Both of the previous atttoeneys have provided good advice. You said you adopted the dog. If the dog was adopted from a government body like the Tulsa City pound, there would have been a time frame for claiming the dog before it was available for adoption. this more than likely will invalidate their claim or make it more difficult to recover as the City will have some ordinance that provides for forfeiture of the property (the dog) if not claimed within a certain time frame.
Answers to AVVO questions are for general purposes only and do not establish an attorney-client relationship. This answer is not a substitute for legal advice and should not be relied upon without a full consultation with an attorney that can fully look at issues involved.
The absence of a scar suggests that:the animal you have:
1. Is not the one they lost; and
2. Should be spayed.
Since the physical evidence apparently does not support their claim, there is little more you need to do at present - except spay the dog. This will do two things:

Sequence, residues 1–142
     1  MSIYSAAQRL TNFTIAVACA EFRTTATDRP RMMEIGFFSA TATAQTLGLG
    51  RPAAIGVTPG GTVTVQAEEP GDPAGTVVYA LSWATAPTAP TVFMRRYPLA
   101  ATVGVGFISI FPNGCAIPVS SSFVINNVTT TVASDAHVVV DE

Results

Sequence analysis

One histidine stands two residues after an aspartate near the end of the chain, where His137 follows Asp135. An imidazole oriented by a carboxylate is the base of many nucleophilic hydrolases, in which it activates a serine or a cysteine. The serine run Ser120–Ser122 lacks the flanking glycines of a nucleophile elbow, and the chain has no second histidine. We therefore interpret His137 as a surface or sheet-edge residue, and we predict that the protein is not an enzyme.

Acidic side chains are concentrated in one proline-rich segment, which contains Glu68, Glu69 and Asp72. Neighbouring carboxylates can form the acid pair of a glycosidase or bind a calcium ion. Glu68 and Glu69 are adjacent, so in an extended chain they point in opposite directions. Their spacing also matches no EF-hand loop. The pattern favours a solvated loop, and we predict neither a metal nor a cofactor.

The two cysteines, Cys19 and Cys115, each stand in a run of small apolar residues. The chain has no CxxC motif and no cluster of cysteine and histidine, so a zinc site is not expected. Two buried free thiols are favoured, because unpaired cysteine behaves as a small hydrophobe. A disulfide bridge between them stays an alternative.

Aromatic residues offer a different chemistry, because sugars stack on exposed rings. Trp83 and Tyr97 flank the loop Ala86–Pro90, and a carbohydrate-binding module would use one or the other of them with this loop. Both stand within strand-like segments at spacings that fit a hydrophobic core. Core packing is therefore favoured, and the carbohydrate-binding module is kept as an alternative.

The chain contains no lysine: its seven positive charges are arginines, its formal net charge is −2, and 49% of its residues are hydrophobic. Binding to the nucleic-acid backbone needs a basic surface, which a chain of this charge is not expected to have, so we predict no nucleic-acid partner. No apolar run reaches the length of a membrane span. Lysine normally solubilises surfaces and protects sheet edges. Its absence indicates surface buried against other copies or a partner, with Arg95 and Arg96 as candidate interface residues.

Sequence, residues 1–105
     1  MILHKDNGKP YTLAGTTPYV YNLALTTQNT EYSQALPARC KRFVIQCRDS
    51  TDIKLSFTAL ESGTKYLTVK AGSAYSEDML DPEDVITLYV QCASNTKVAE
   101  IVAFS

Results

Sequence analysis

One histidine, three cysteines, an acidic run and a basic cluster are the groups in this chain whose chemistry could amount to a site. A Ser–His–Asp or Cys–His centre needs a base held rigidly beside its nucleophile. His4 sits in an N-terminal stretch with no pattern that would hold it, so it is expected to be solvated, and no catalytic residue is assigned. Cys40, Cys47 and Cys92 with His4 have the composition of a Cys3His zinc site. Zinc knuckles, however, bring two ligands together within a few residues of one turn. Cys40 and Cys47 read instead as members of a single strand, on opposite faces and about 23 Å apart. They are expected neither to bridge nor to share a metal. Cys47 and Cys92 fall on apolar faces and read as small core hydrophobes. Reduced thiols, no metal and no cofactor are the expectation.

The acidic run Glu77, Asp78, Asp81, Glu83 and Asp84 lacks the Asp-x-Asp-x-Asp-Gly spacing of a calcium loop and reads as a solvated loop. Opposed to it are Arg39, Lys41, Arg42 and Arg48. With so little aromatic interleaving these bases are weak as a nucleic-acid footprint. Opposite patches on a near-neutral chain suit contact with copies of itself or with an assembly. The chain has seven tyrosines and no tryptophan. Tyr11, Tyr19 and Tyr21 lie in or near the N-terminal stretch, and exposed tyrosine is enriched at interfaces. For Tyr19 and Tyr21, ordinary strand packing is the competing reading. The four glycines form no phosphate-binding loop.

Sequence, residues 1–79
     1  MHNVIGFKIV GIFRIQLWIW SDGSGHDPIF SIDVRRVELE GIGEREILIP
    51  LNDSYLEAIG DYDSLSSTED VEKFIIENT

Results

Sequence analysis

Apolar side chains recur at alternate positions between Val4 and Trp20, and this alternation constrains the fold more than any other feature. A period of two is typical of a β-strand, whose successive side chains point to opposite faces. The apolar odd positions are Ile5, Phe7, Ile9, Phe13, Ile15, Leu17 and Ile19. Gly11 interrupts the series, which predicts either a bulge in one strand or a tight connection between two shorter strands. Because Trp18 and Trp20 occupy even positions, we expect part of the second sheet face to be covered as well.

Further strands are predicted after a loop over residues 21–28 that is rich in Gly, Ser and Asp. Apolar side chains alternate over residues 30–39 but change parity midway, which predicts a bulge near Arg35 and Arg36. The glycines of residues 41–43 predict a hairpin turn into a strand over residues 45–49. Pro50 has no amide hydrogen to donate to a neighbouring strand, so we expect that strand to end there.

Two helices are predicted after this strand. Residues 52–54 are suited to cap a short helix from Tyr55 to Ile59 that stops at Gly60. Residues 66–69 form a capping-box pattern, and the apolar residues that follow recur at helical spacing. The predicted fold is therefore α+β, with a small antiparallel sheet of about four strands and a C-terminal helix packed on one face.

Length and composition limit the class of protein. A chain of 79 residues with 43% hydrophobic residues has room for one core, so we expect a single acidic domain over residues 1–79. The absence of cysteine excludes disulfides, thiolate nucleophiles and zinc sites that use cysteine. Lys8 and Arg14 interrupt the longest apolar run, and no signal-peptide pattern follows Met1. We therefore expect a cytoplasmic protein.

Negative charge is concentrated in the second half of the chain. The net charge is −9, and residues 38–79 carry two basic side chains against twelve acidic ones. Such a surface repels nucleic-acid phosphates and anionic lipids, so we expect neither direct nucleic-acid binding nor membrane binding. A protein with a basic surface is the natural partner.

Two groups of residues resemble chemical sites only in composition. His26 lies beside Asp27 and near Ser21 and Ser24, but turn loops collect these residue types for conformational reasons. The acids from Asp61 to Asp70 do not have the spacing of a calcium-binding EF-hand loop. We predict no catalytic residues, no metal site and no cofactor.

1. Do what should be done anyway, unless you are breeding registered shih tzus - which adoption of a lost dog is incompatible with; and
2. Give YOU proof that the animal you have cannot be theirs, as you cannot spay a dog twice. Your vet's record of treatment would trump their claim, which is based upon their losing a spayed dog.
The foregoing is for general information purposes and does not establish an attorney-client relationship.
I agree with my colleague - though not every spay produces a scar. Your vet can confirm if the dog is spayed. I'd also make sure the dog is registered in your name and microchipped. I'd then tell the people that claim she is their dog that they are going to have to sue you and if they do you will counter sue for her care for the time you have had her - including adoption fees, vet bills, food bills, and a daily boarding fee. Then ignore them.
If we do not have a signed fee agreement I am not your attorney and this is not legal advice.